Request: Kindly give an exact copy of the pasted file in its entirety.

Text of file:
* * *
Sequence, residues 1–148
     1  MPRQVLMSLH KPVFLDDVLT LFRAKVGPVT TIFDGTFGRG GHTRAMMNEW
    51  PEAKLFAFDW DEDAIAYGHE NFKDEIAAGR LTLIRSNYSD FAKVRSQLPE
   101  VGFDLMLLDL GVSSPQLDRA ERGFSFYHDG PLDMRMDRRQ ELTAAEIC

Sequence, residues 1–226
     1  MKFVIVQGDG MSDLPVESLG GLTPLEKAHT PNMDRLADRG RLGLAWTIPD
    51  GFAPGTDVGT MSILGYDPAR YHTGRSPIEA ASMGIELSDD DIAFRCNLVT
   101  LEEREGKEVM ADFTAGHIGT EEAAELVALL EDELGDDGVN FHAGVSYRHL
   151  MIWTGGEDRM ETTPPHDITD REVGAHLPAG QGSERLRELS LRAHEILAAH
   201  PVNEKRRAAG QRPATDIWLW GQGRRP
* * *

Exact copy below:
Sequence, residues 1–148
     1  MPRQVLMSLH KPVFLDDVLT LFRAKVGPVT TIFDGTFGRG GHTRAMMNEW
    51  PEAKLFAFDW DEDAIAYGHE NFKDEIAAGR LTLIRSNYSD FAKVRSQLPE
   101  VGFDLMLLDL GVSSPQLDRA ERGFSFYHDG PLDMRMDRRQ ELTAAEIC

Sequence, residues 1–226
     1  MKFVIVQGDG MSDLPVESLG GLTPLEKAHT PNMDRLADRG RLGLAWTIPD
    51  GFAPGTDVGT MSILGYDPAR YHTGRSPIEA ASMGIELSDD DIAFRCNLVT
   101  LEEREGKEVM ADFTAGHIGT EEAAELVALL EDELGDDGVN FHAGVSYRHL
   151  MIWTGGEDRM ETTPPHDITD REVGAHLPAG QGSERLRELS LRAHEILAAH
   201  PVNEKRRAAG QRPATDIWLW GQGRRP